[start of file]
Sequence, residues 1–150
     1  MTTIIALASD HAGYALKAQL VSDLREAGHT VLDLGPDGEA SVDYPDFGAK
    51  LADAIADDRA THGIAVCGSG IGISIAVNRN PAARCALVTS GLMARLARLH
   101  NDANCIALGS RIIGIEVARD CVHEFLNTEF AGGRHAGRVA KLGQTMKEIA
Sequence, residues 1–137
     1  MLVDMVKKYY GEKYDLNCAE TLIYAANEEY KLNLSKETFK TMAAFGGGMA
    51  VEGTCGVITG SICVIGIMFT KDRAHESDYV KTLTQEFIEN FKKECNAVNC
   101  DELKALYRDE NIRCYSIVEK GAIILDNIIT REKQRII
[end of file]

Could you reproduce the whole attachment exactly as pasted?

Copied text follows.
Sequence, residues 1–150
     1  MTTIIALASD HAGYALKAQL VSDLREAGHT VLDLGPDGEA SVDYPDFGAK
    51  LADAIADDRA THGIAVCGSG IGISIAVNRN PAARCALVTS GLMARLARLH
   101  NDANCIALGS RIIGIEVARD CVHEFLNTEF AGGRHAGRVA KLGQTMKEIA
Sequence, residues 1–137
     1  MLVDMVKKYY GEKYDLNCAE TLIYAANEEY KLNLSKETFK TMAAFGGGMA
    51  VEGTCGVITG SICVIGIMFT KDRAHESDYV KTLTQEFIEN FKKECNAVNC
   101  DELKALYRDE NIRCYSIVEK GAIILDNIIT REKQRII